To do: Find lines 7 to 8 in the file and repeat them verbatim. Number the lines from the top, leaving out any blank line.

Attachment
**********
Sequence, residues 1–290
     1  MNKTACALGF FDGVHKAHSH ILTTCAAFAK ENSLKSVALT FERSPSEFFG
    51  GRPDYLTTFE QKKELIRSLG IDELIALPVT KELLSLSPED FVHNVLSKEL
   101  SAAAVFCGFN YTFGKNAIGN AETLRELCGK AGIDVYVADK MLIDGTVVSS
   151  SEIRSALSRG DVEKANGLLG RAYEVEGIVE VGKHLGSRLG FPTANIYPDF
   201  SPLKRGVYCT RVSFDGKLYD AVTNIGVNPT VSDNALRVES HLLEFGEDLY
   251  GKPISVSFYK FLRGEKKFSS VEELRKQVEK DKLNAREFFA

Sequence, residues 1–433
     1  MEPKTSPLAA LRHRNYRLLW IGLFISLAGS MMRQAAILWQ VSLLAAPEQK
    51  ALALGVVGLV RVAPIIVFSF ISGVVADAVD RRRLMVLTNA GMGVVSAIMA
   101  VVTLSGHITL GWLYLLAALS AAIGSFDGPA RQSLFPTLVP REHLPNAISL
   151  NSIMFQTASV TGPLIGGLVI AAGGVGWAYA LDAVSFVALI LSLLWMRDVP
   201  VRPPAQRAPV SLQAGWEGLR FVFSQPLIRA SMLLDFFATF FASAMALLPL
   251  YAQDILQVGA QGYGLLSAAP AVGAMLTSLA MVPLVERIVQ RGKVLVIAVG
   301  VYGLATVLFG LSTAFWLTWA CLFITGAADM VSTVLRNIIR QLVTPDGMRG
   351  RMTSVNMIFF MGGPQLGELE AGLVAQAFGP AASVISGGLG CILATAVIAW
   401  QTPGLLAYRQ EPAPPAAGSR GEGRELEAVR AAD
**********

   251  GKPISVSFYK FLRGEKKFSS VEELRKQVEK DKLNAREFFA

Sequence, residues 1–433